How Much Does a Horse Cost?

Over 7.2 million Americans own horses, using them primarily for recreation, showing, racing, and working. Many people believe it can be significantly cost-prohibitive to own a horse, but it can be more affordable than you might think.

How Much Does a Horse Cost Initially?

To buy a horse, you can expect to pay between $100 - $10,000, depending on the horse breed’s pedigree, how you are planning to use the horse, and your location. The average cost of a hobby horse is about $3,000.

According to Seriously Equestrian, the most expensive horse breeds can cost up to $250,000. The most expensive breeds are:

  • Arabian
  • Thoroughbred
  • Andalusian
  • Dutch Warmblood
  • Oldenburg

The cheapest horse breeds are:

  • Wild Mustangs
  • Quarter Horses
  • Arabians
  • Thoroughbreds

Yes, Arabians and Thoroughbreds can get top dollar depending on their pedigree or be as cheap as $1,000. However, the most affordable breed is the wild Mustang. You can typically purchase a wild Mustang for around $100-$200, depending on where you live.

Related Link: How Long Do Horses Live?

How Maintenance Costs Affect the Price

Once you buy your horse, several maintenance costs go into owning a horse. Excluding buying your property, here are the most common costs:


Where you keep and how you board your horse can also vary in cost. If you keep the horse in a pasture, then the cost is minimal. Or you can keep your horse in a full-service stall with daily exercise turn-out. Depending on where you live, a full-service stall can cost $400-$2500 a month.


A horse needs to eat 15-20 lbs of food every day. A well-mixed diet will cost about $850 a year to feed your horse annually. Your horse needs a balance of:

  • Grain Mix: A horse eats about .5% of its body weight per day.
  • Grass Hay: A horse eats about 1.5% of its body weight per day. The cost of hay is dependent on where you live and the availability of pasture.
  • Salt and Minerals: Your horse needs about two 5 lb blocks per year. A salt and mineral block typically costs between $10-25.

You may also want to supplement your horse with other minerals to help their digestion.

Rogue Pet Science offers their Origins Equine 5in1 horse supplement to improve your horse’s health and performance. The Origins Equine 5in1 food topper is an easy-to-use pelleted supplement full of probiotics, prebiotics, digestive enzymes, and butyric acid to improve your horse’s gut health and digestion.


Would your horse benefit from an all-natural mineral supplement? Read Frequently Asked Questions about Rogue Pet Science’s Origins Equine 5in1 supplement.

Related Link: A Complete Guide to Gastric Ulcers in Horses

Health Care

You’ll also need to take your horse to a veterinarian for:

  • Deworming twice a year
  • Vaccinations
  • Coggins Test and Health Certificates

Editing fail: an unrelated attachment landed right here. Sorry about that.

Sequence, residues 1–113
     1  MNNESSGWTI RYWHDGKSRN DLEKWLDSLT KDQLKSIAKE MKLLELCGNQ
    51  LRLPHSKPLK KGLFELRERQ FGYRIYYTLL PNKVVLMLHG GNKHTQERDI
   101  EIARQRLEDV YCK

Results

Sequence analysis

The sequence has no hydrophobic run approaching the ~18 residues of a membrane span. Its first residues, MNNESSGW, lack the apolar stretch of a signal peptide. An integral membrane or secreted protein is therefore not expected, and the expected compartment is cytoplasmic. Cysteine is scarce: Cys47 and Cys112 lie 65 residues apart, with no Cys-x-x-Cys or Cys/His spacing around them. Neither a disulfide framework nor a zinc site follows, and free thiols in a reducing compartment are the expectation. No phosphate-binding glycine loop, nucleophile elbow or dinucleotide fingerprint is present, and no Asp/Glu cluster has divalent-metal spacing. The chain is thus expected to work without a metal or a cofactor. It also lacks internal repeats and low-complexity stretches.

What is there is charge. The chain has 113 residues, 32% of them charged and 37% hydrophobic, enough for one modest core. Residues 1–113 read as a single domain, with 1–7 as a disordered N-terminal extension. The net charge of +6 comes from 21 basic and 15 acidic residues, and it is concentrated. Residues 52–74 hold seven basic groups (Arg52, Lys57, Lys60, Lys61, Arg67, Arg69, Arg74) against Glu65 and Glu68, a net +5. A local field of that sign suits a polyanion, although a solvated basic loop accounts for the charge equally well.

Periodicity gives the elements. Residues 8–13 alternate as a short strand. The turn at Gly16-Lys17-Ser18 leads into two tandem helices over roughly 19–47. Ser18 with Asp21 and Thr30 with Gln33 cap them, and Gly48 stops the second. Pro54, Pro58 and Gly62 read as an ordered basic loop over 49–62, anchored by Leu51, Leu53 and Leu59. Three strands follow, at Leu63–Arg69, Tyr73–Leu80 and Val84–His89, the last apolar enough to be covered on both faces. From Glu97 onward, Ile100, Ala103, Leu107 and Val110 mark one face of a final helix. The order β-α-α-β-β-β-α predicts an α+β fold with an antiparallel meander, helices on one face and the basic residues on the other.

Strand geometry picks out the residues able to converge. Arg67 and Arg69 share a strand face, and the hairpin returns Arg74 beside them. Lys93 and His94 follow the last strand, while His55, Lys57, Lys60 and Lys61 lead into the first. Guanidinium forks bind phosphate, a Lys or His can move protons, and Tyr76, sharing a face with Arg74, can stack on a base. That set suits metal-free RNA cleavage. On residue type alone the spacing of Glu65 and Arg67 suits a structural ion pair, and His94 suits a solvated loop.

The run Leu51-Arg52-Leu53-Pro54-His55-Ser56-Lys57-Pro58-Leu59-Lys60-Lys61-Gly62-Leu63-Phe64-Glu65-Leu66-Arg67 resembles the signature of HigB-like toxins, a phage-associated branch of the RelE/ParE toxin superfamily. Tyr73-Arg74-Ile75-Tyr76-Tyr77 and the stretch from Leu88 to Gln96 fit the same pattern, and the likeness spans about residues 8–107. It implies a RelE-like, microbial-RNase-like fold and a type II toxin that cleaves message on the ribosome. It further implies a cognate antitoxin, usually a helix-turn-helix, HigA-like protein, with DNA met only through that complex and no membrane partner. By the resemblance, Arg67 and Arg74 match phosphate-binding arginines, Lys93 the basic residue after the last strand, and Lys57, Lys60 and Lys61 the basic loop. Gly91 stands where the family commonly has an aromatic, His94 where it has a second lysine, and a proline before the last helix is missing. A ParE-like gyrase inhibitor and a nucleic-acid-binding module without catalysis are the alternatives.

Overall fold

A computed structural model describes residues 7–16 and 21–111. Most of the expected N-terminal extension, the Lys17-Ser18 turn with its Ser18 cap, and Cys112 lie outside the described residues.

These vet services will cost about $250 to $500 a year. If you decide to breed your horse, this will also increase your number of health checks and post-natal care. It’s essential that your horse receives all the necessary vaccinations and deworming treatments to promote good health and longer life.

Farrier Costs

The farrier cost for trimming your horse’s hooves every eight weeks is a cost-effective alternative to shoeing your horse. But farrier services may be more expensive depending on where you live. This typically costs about $390 a year.


Depending on where you live, you may need additional bedding for your horse. Straw bedding for a horse stall can cost about $400 a year.


Equipment costs will vary depending on how you will use your horse. Most horse owners purchase:

  • Riding equipment
  • Training equipment
  • Grooming equipment
  • Manure spreader
  • Arena drag
  • Small Utility Vehicle
  • Horse Trailer
  • Truck

The cost of these equipment items will vary based on preference, use, and brand.

Other Ownership and Operating Costs

Other expenses also factor into owning a horse that pertains to your land, barn, and equipment. You can pay annual costs for insurance, taxes, and interest, depending on where you keep your horse.

Plus you’ll need to provide maintenance and repair on your fences, barn, and equipment as they come up. You’ll also need to maintain your pasture, water tub, and other horse-related equipment to keep a happy, healthy horse. These costs of horse ownership can vary depending on where you live and the size of your property.

Once you purchase your horse, it will cost you between $2500 - $3800 a year to maintain a healthy horse. This assumes the horse lives on your property. You’ll need to add more to the cost if you rent a stall.

Owning a Horse Can Be Very Rewarding

While it may cost about $6,000 your first year of owning the horse (including the price of the horse), it can enhance your quality of life and recreation. And as you learn to care for your horse, you’ll find ways to make owning a horse more cost-effective.

If you have a pasture and stable facility on your property, then owning a horse can be relatively cheaper. Also, the state where you live can dramatically affect the cost of owning a horse.

Rogue Pet Science recommends adding an all-natural supplement to your horse’s diet to promote better health and longer life. Rogue Pet Science makes natural, high-quality, and nutritious horse supplements that improve your horse’s coat and digestion.

Want more information about Rogue Pet Science’s Origins Equine 5in1? Find out more from the Origins Equine 5in1 brochure.

Related Link: EPM In Horses: Causes and Prevention



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